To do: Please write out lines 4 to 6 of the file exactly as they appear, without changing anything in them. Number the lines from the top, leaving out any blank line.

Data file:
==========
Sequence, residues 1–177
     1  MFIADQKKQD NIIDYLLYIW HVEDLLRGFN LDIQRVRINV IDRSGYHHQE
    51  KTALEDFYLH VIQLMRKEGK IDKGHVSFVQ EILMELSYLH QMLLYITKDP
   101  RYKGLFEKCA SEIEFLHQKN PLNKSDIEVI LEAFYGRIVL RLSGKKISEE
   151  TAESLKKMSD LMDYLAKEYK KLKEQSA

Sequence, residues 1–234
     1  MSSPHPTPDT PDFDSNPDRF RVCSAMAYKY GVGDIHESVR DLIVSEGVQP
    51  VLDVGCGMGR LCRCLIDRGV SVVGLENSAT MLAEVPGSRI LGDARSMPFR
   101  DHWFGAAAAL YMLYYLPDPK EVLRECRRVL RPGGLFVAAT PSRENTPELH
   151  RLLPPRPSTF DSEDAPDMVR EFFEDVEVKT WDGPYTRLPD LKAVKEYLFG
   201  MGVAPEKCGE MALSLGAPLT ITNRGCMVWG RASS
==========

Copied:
   101  RYKGLFEKCA SEIEFLHQKN PLNKSDIEVI LEAFYGRIVL RLSGKKISEE
   151  TAESLKKMSD LMDYLAKEYK KLKEQSA

Sequence, residues 1–234